After running up heavy debts, however, the Georgian Church was forced to sell all of its Jerusalem properties and by the end of the 17th century there were no Georgian monks left in the city. Ownership of the Monastery of the Holy Cross was transferred to the Greek Orthodox patriarchy, which set up a highly prestigious theological seminary in the compound in 1855. At that time, two upper floors and a belfry were added to the monastery, cells were transformed into lecture rooms, and the refectory was enlarged. During these golden years the monastery opened a museum of antiquities in one of its halls and amplified the library with new works. A number of the seminary’s 450 students went on to become Greek Orthodox Patriarchs.
Fifty-three years after its inauguration, the school closed down for lack of funds and only one or two monks remained in residence. The stunning, ancient abbey, the oldest standing monastery in Jerusalem, fell to wrack and ruin.
After a complete overhaul at the beginning of the 1970s, the historic monastery opened to the public for the very first time. Its beautiful church, handsome refectory, old-fashioned kitchen and fascinating museum have become a favorite attraction for tourists from Israel and abroad. Indeed, over the past few decades, a tiny stand covered with candles developed into a very large tourist gift shop. A modest café also appeared in the garden, offering hot and cold drinks and the sight of some very talkative feathered friends.
Visitors shouldn’t be surprised to find that the Monastery of the Holy Cross looks more like a fortress than a cloistered sanctuary: for centuries the once secluded abbey was repeatedly attacked and pillaged by invaders. Therefore it contains very few windows and many of its buildings are part and parcel of the compound’s surrounding wall. For security reasons there is only one door into the complex.
The combination wood and steel device found inside the entrance once called the monks to prayer. For hundreds of years, an apparatus like this – known as a nakos – was a common feature in areas controlled by Muslims who forbade Christians the use of bells. A monk would hit the nakos first to wake up his brothers for individual prayer, and afterwards to call them for communal worship. This nakos was replaced by bells in the late 19th century.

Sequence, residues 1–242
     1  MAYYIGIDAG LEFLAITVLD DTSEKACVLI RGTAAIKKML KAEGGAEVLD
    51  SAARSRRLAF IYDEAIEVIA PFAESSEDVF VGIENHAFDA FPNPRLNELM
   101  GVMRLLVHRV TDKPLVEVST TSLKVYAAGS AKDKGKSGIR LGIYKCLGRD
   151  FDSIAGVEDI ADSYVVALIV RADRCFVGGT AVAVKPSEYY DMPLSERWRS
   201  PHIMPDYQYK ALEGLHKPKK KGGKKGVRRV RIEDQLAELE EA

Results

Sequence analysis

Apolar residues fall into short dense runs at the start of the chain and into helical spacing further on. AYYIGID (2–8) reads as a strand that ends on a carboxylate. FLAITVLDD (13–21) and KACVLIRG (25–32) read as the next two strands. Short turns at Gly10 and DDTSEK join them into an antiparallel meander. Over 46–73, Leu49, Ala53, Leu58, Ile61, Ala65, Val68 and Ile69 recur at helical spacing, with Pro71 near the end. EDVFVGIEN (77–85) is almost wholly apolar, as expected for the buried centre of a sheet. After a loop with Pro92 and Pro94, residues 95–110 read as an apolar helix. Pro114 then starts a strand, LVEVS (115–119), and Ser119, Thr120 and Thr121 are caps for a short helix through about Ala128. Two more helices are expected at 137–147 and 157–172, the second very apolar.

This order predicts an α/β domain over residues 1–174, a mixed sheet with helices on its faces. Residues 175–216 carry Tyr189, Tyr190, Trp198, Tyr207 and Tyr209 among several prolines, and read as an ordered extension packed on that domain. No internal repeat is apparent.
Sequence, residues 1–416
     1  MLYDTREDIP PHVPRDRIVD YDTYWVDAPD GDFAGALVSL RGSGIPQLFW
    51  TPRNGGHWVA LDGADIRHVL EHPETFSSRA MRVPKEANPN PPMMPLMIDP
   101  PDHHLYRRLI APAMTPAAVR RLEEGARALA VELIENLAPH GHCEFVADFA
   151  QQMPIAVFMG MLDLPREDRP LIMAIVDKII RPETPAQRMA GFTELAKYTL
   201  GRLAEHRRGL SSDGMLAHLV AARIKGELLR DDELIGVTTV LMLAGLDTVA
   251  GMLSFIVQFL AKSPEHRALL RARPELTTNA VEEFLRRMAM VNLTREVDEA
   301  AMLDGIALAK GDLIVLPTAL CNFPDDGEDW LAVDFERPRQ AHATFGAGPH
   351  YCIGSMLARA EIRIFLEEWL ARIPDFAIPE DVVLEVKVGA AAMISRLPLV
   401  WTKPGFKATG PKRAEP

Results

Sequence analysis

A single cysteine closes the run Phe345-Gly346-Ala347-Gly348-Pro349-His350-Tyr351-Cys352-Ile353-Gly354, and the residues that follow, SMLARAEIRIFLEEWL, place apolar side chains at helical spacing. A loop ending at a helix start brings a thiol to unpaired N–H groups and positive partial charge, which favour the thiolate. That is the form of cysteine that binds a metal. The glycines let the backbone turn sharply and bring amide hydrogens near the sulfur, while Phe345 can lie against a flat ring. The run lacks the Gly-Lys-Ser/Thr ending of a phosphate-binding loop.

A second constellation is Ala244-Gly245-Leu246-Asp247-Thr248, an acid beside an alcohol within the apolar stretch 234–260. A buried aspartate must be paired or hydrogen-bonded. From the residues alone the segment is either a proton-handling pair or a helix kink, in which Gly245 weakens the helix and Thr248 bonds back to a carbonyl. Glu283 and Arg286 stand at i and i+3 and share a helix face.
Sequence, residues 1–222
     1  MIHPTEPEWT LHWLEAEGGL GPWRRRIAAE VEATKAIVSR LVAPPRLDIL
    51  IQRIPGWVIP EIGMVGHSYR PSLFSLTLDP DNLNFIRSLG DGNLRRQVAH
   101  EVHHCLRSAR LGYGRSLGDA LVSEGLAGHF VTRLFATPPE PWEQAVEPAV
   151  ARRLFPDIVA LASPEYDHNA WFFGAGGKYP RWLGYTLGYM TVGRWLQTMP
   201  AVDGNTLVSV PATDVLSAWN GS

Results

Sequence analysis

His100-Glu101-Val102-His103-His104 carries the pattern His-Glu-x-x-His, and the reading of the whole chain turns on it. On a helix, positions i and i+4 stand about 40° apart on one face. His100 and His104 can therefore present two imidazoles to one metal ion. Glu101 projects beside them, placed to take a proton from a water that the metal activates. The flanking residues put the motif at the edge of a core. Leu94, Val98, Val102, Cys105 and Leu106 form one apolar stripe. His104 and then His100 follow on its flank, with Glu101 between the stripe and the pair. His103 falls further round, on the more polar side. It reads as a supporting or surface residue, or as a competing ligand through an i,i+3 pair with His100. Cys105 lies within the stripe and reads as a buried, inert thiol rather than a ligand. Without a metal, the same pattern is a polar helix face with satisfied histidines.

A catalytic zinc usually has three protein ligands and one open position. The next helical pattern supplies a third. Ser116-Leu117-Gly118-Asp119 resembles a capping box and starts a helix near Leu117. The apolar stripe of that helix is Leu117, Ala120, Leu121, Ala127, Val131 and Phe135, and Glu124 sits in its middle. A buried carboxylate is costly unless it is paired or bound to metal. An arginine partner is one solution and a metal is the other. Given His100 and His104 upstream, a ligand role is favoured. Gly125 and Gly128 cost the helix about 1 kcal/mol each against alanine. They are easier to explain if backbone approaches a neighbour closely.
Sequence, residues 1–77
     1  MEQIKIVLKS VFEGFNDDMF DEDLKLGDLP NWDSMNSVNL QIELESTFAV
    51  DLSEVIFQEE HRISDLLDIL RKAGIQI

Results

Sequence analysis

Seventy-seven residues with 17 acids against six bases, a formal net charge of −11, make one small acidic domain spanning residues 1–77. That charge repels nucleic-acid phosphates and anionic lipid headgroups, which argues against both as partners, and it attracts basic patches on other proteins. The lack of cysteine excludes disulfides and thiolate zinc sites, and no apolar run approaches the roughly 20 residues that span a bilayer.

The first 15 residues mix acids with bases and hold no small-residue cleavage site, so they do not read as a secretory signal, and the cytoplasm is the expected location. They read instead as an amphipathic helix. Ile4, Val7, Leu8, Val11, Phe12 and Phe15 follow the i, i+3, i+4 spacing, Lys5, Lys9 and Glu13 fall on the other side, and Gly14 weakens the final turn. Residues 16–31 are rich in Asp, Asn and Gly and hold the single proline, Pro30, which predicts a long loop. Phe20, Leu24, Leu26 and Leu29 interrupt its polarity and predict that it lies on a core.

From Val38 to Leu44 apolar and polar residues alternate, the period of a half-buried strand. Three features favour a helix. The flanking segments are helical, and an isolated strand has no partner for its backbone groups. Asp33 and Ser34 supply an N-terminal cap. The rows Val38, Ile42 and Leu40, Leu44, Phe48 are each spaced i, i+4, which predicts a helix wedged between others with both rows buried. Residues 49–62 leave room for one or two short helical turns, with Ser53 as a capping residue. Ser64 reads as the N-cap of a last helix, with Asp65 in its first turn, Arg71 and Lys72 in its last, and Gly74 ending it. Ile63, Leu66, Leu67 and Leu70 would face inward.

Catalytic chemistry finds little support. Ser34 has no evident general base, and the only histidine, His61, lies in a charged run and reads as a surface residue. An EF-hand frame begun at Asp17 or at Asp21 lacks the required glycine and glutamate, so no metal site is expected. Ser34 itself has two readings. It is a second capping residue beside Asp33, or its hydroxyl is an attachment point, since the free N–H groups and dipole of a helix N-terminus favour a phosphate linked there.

Built in basilica style with three aisles (a wide one in the middle and two narrower ones on the sides) the sanctuary is unmistakably eastern. A richly decorated iconostasis separates the prayer hall from the altar area, and nearby part of a 6th-century mosaic floor was uncovered during restorations. It includes geometric shapes, plants, and even a few large fish – an early Christian symbol.
Several of the church’s square pillars, and many of the walls, are covered with glorious frescos. These include a few that were removed and framed to be offered for sale by the poverty-stricken Georgians. One fresco, of an archangel, dates back to the 14th century.
The monastery was constructed around the site of the tree stump from which the holy cross was fashioned and until the 15th century, it is said, pilgrims could actually view the cut-off trunk. Nothing remains of the tree, for those early pilgrims cut pieces off with axes that they brought with them to the church. Now, all that remains is a decorative disk with a hole in the middle – although underneath the disk you can see, quite clearly, the space between the stones that surrounded the tree.
The disk is located in an anti-chamber whose lintel depicts the Eye of God.
Inside, detailed icons illustrate the story of the tree. Another icon, a life-sized depiction of the crucifixion, has been damaged. As recently as a few years ago, pilgrims tore splinters off the bottom of the cross to take home as relics.
Note to visitors: Entrance daily 10-00-17:00, except for Sundays. Fee: NIS 15.
Aviva Bar-Am is the author of seven English-language guides to Israel.
Shmuel Bar-Am is a licensed tour guide who provides private, customized tours in Israel for individuals, families and small groups.